The Senate passes a bill to license midwives, which supporters say will improve health outcomes and lower costs by ensuring people have a safe option for at-home births. (MassLive)

Just for fun, Rep. Smitty Pignatelli introduces an amendment to require lawmakers to receive annual training on how to mute their phones during a teleconference or Zoom meeting. (Boston Globe)


Six employees at the Holyoke Soldiers’ Home test positive for COVID-19. (WBUR)

Harvard epidemiologist Dr. William Hanage says a hybrid model for reopening schools is probably a bad idea. (WGBH)


US Rep. Seth Moulton is taking flak for suggesting that populations of conservative “red states” are “getting what’s coming to them” with a surge in coronavirus cases. (Boston Herald)


Town clerks are dealing with an onslaught of mail as voters have begun to return the nearly 4.5 million vote-by-mail ballot applications for this fall’s elections that were sent out by Secretary of State William Galvin’s office two weeks ago. (Cape Cod Times)

Rapper Kanye West, who is running for president, won’t appear on the Massachusetts ballot this fall. (Associated Press)

Secretary of the Commonwealth William Galvin, Massachusetts’ top elections official, says President Trump’s claim that the election cannot be held fairly due to mail-in voting is “Trump bogus” and “ridiculous.” (MassLive) The government in Hong Kong delays legislative elections for a year, prompting an outcry from the pro-democracy opposition. (New York Times)

A super PAC funded by the parents of 4th District congressional candidate Jake Auchincloss spends $180,000 on ads supporting him. (Boston Globe)


Gross domestic product, or GDP, fell nearly 33 percent in the second quarter, the largest contraction in US history. (NPR) Dunkin’ Donuts announces plans to close 800 stores. (Associated Press)

Critics pan Gov. Charlie Baker’s traveler restrictions, saying they will limit commerce and restrict freedoms. (The Salem News)

More Massachusetts companies are telling office workers to wait until January before returning to work. (Boston Globe)


The Massachusetts Teachers Association is pushing to have all schools start remotely this fall, arguing that many older buildings lack the ventilation needed to keep children and staff safe. (Boston Globe)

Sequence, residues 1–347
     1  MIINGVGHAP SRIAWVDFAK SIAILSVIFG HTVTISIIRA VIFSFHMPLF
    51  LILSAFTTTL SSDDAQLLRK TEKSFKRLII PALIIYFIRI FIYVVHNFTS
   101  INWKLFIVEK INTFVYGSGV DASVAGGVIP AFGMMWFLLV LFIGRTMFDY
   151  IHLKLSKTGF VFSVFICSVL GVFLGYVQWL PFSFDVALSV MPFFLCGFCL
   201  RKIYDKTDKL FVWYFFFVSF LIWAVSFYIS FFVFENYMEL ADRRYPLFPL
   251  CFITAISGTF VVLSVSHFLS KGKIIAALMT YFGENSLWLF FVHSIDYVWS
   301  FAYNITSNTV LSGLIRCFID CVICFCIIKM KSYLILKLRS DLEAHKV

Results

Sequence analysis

Members of the Weymouth Educators’ Association, which represents the town’s teachers, say they want the district to take a wait-and-see approach to the new school year by starting with remote learning. (Patriot Ledger)


Barrington Stage Co., which had planned to stage a production indoors, is now moving it outside after hearing that Gov. Charlie Baker is planning to delay the second step of Phase 3. (Berkshire Eagle)

What will the fate of the Columbus statue be? DigBoston explores what comes next. CommonWealth covered the beheading of the controversial monument in June.

Painter Milton Brightman is considered one of the great contemporary visual chroniclers of the SouthCoast. (Standard-Times)


Commercial fishing groups ask the US Supreme Court to hear their challenge of former President Barack Obama’s decision to create the Northeast Canyons and Seamounts Marine National Monument off the coast of Massachusetts, which barred commercial fishing in that part of the ocean. (Gloucester Daily Times)


The US Drug Enforcement Administration shuts down an illegal marijuana growing operation in Monson and Palmer and seizes 4,100 plants. (MassLive)

A man convicted of murder as a teenager is freed – for now – after nearly 50 years in prison due to the coronavirus and to new allegations of racism at his trial. (Boston Globe)

A special prosecutor is appointed to investigate allegations that a white Lynn police officer beat a black man who was in custody in a police station holding cell. (Boston Globe)

A 19-year-old is arrested and charged with the murder of a 20-year-old in a dispute over a stolen backpack. (Daily Item)


Media critic Dan Kennedy outlines how Amazon’s “Audible Exclusives” are messing with independent book stores, libraries, and schools. (Media Nation)


Herman Cain, the former GOP presidential candidate, dies at 74 of COVID-19. (Associated Press)